Daily Bulletin

The Conversation

  • Written by The Conversation Contributor

Every other Monday morning I get to chat on ABC Breakfast News TV and try to remember that not everyone at 7.30am is as excited about exploding stars or colliding galaxies as I am.

This week though I had no doubts that I wouldn’t be the only one excited as I discussed the incredibly ambitious Breakthrough Starshot mission to reach another star. Baby-boomers often remember where they were when they saw the incredible sight of humans walking on the Moon. But in my lifetime it may be possible to see something just as amazing: that of humanity exploring an alien solar system.

image Destination: Alpha Centauri. In fact there are three stars in this system, the closest of which is approximately 4.37 light years from us. ESO/Digitized Sky Survey 2, acknowledgement: Davide De Martin

The mission is simple in concept yet enormously challenging in execution. To get to one of our closest stars, Alpha Centauri, in 20 years requires travelling at a fifth of the speed of light, 60 million metres per second.

To do this in a normal rocket, you would carry fuel to propel yourself through space. And to go quicker, you burn more fuel, but that extra fuel adds weight to the spaceship, meaning now you need extra fuel to propel that.

This quickly snowballs until the required fuel is enormous and high speed exploration of the solar system is challenging, the reaching nearest star is impossible. The wonderful flyby of Pluto by New Horizons took nearly a decade. That same craft would take tens of thousands of years to reach the nearest star.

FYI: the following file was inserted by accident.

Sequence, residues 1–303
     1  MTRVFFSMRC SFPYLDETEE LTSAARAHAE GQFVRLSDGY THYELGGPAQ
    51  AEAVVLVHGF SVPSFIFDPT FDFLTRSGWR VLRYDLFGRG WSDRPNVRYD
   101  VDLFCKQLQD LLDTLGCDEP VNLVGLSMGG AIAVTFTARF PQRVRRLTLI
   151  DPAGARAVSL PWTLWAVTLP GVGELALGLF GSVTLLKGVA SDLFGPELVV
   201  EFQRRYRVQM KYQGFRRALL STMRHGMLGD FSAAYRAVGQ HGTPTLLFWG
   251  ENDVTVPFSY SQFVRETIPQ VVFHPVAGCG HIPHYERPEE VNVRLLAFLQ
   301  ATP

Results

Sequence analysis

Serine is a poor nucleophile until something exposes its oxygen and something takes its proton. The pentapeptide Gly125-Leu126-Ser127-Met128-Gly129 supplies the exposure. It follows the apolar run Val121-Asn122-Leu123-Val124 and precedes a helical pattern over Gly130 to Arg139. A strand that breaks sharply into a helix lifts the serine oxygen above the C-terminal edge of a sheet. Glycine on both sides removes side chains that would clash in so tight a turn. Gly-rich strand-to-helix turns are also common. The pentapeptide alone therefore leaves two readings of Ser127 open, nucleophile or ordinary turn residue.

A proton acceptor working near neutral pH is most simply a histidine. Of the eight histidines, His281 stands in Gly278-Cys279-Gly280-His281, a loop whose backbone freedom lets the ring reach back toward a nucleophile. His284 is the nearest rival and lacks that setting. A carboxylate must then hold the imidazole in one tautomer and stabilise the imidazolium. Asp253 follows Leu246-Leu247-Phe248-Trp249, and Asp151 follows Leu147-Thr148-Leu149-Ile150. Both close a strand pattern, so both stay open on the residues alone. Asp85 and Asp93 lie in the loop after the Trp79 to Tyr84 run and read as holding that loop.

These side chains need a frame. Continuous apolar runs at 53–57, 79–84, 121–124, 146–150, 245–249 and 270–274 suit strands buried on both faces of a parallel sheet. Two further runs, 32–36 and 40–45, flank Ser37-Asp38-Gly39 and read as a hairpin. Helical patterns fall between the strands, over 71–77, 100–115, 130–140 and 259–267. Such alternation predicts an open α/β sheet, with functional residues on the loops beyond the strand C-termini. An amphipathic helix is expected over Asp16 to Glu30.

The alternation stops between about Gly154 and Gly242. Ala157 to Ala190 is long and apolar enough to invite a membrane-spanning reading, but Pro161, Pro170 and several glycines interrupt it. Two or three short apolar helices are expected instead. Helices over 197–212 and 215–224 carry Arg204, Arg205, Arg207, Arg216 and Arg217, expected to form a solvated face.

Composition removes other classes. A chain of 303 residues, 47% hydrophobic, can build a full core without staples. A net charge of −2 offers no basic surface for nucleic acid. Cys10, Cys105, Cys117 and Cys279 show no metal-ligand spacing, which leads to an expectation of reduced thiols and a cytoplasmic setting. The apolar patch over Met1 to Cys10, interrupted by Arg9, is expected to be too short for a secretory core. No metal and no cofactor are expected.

The beautifully poetic idea of riding to the heavens on a beam of light is also a technically solid one, although possible is not the same as easy.

A new approach is required to reach the stars. Instead of taking the fuel with you, keep it behind on Earth as a beam of laser light that propels you onward as a light sail is pushed on the pressure or “wind” of this light.

It may sound poetic, but this is a solid technical idea and is in fact one signature of aliens that Breakthrough Listen from last year is trying to find. This time we are the ones producing laser beams that distance aliens may potentially see twinkling in their telescopes.

However even 100 gigawatts of lasers (as much power as Australia consumes at any one time) shining on one light sail for up to 10 minutes is only going to accelerate to a fifth the speed of light if the craft is lightweight.

To this end each star ship is tiny, a single gram in mass. Yet fitted out with camera, communications, electronics and even mini photon thrusters. Thanks to rapid miniaturisation these are all possible to imagine fitting on a single Starchip in a decade or more.

Whether the lasers can be built, the beam focused on a tiny spot (no bigger than a DVD on the Moon) and the light sail pushed accurately enough to reach the target star, much less survive the journey through interstellar space remains to be seen.

Luckily, Breakthrough is backed by billionaires Yuri Milner and Facebook’s Mark Zuckerberg, as reaching the stars will take far more than the initial US$100m investment.

Zoom into a cluster

We may think our Milky Way galaxy is pretty big (it does stretch across the sky after all), yet on cosmic scales the largest structures have galaxies like ours as building blocks.

These are clusters of galaxies, or galaxy clusters, and can stretch across millions of light years. Entire galaxies whirl around the enormous gravitational potential of huge accumulations of X-ray hot gas and invisible dark matter.

The European Southern Observatory (ESO) has just released a beautiful view of one of the closest galaxy clusters to us, the Fornax cluster, taken with the VLT Survey Telescope.

The Fornax (or furnace) cluster in the Fornax constellation as seen by ESO’s VLT Survey Telescope